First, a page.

Likewise, this passage ends with a very ominous hint of the judgment of God in that Zechariah was given the wages of iniquity as a false shepherd, thirty pieces of silver that were later the price of the betrayal of the Good Shepherd, Jesus Christ, by a son of perdition, Judas Iscariot.  This ominous hint that evil shepherds in church and state are connected with the treachery of Judas and with his evil fate ought to be a solemn warning for all of us.

Woe To The Worthless Shepherd

Zechariah 11:12-17 provides a further elaboration of the wicked shepherds such as we see in the world around us and in our corrupt governments and churches:  “Then I said to them, “If it is agreeable to you, give me my wages; and if not, refrain.”  So they weighed out for my wages thirty pieces of silver.  And the Lord said to me, “Throw it to the potter”–that princely price they set on me.  So I took the thirty pieces of silver and threw them into the house of the Lord for the potter.  Then I cut in two my other staff, Bonds [or Unity], that I might break the brotherhood between Judah and Israel.  And the Lord said to me, “Next, take up the implements of a foolish shepherd.  For indeed I will raise up a shepherd in the land who will not care for those who are cut off, nor seek the young, nor heal those who are broken, nor feed those that still stand.  But he will eat the flesh of the fat and tear their hooves in pieces.  “Woe to the worthless shepherd, who leaves the flock!  A sword shall be against his arm and against his right eye; his arm shall completely wither, and his right eye shall be totally blinded.”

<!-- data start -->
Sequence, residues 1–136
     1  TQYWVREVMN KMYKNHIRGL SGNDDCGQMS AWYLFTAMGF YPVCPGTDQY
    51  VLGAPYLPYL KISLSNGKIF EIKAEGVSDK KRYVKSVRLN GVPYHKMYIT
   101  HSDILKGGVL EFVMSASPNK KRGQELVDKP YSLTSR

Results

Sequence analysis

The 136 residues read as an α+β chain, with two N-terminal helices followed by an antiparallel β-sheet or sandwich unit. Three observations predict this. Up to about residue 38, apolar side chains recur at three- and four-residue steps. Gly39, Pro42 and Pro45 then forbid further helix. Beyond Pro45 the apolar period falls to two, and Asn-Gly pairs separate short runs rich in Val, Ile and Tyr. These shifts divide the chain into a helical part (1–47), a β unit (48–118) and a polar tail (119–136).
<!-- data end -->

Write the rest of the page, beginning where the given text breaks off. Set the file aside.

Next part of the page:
There is clear judgment in these verses for us today, and therefore let us be sober and repentant so that we may avoid being foolish shepherds or suffering the judgment of one of them, Judas Iscariot.  Let us therefore examine what these verses say about us.  For one, the wages of the thirty pieces of silver for Judas Iscariot were a princely price for betraying the prince of piece.  But what one has done to the least of the brethren of God one has done to Jesus Christ themselves–so by betraying the flock, abusing authority for decades without remorse or mercy, and by abandoning one’s charge in pursuit of selfish politics, one has betrayed and abused the very Lord of Lord and King of Kings who will judge all flesh.  I do not wish to be in that company.